When Ben Elrod arrived as the young president of Oakland City College in rural southwestern Indiana in 1968, the school had 670 students and an operating budget of $1.2 million.
“Gifts and grants in 1967-68 were $78,000, practically all from the denomination,” Elrod says. “The college had never been regionally accredited. The denomination (General Baptists) was small, consisting of about 60,000 people. The total denominational budget was less than $300,000 for all causes. The 800 churches were primarily small rural churches, most of which were barely able to finance the local ministry without regard to other denominational causes. There were 4,000 alumni and friends on the mailing list. There had never been an alumni fund as such, although alumni had been solicited for various capital campaigns.
“The college had operated with a deficit for four consecutive years and had drawn upon its meager reserve funds to bail it out. The reserves were depleted, and there were scarcely any uncommitted assets. There was one person with a doctorate on the faculty, the rest holding master’s degrees. The denomination was suspicious of the college but was giving practically all the outside support the college was receiving.”
Under Elrod’s leadership, 600 additional contributors were recruited, and student applications increased by 10 percent.
“In about February of my second year there, just as I was finishing up at Indiana University, a committee from William Jewell College in Missouri called and wanted me to come over and talk to them about the presidency,” Elrod says. “I did. I dealt with them during a period of four to five months. Then Dan Grant called and told me he was coming to Ouachita as president. He wanted me to come back to my old job of vice president for development. I had the pain of that decision to make. I could stay at Oakland City, I could go to William Jewel or I could come to Ouachita.”
Grant’s father, Dr. J.R. Grant, had been Ouachita’s eighth president from 1934-49. The elder Grant was able to keep the doors open during the Great Depression while overseeing the construction of a gymnasium, student center, auditorium and dormitory. Student enrollment numbers increased after World War II. The administration building known as Old Main was destroyed by fire in 1949, but Grant Memorial Building was dedicated in 1953 to honor the former president’s accomplishments.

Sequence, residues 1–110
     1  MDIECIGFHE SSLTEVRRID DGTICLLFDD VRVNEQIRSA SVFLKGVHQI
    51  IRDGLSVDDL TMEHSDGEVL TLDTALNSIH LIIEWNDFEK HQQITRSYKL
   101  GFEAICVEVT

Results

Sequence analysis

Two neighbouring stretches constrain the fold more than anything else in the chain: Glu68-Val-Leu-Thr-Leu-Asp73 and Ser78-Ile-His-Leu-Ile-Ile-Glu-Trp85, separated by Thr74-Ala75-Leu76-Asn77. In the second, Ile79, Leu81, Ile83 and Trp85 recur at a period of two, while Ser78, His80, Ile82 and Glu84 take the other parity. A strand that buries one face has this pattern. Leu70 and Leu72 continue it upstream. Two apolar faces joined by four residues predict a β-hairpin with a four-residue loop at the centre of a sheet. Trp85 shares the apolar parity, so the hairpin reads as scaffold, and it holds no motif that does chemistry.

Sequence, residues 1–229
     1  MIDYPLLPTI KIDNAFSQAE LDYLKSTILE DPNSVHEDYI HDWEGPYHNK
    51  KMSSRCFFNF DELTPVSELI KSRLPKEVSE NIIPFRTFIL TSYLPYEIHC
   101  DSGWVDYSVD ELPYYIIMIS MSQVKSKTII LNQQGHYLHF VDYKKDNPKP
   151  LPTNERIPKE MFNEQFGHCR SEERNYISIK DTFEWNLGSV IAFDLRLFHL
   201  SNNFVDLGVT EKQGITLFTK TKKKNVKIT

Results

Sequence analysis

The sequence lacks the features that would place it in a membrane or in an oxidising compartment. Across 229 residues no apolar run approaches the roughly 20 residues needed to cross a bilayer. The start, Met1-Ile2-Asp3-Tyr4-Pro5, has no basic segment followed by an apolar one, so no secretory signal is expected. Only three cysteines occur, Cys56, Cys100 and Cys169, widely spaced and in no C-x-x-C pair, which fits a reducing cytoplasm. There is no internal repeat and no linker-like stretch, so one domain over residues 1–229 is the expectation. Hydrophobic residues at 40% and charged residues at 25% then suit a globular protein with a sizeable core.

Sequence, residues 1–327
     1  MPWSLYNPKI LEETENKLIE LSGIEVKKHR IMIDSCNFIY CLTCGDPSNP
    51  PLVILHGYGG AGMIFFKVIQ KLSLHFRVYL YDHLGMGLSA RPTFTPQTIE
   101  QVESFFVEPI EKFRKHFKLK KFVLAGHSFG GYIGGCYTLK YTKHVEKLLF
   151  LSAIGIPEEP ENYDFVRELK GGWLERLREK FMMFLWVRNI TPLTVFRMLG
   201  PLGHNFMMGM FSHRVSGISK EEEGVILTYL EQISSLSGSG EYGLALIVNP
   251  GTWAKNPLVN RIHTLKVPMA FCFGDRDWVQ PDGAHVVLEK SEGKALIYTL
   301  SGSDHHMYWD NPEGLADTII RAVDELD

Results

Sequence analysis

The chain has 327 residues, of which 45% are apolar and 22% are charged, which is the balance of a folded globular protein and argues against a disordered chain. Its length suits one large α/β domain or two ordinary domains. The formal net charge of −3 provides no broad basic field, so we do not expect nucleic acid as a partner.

At the time of his hiring at Ouachita, Dan Grant was on the faculty at Vanderbilt University in Nashville and was recognized as one of the nation’s leading political scientists. The Ouachita board of trustees asked him to move to the town where he had grown up — Arkadelphia — and become Ouachita’s 12th president.
“It was the toughest decision I ever made,” Elrod says of his decision to follow Grant to Ouachita. “William Jewell College called on a Saturday night. The fellow who had been my contact there said the committee was ready to unanimously recommend me the next afternoon as president and that he had no doubt the board would accept the recommendation. I said, ‘When do you have to have an answer?’ He said, ‘By 8 p.m.’ This was after I had been thinking about it and praying about it for a month. So he had every right to put a deadline on it. Well, we did some more driving around, talking, praying and thinking. Finally, I called him at 8 p.m. and said: ‘Bill, I can’t say yes. So I guess that means no.’ At the time, I really didn’t know why. I just knew I couldn’t do it. I turned around and called Dan Grant. I told him I was coming back to Ouachita. I never looked back or regretted the decision to come back. I had eight of the most pleasant years of my life with Dan Grant as president and with me as vice president for development. We just had a wonderful relationship.”
Elrod says he hadn’t considered the possibility of coming back to Ouachita when he left for Indiana.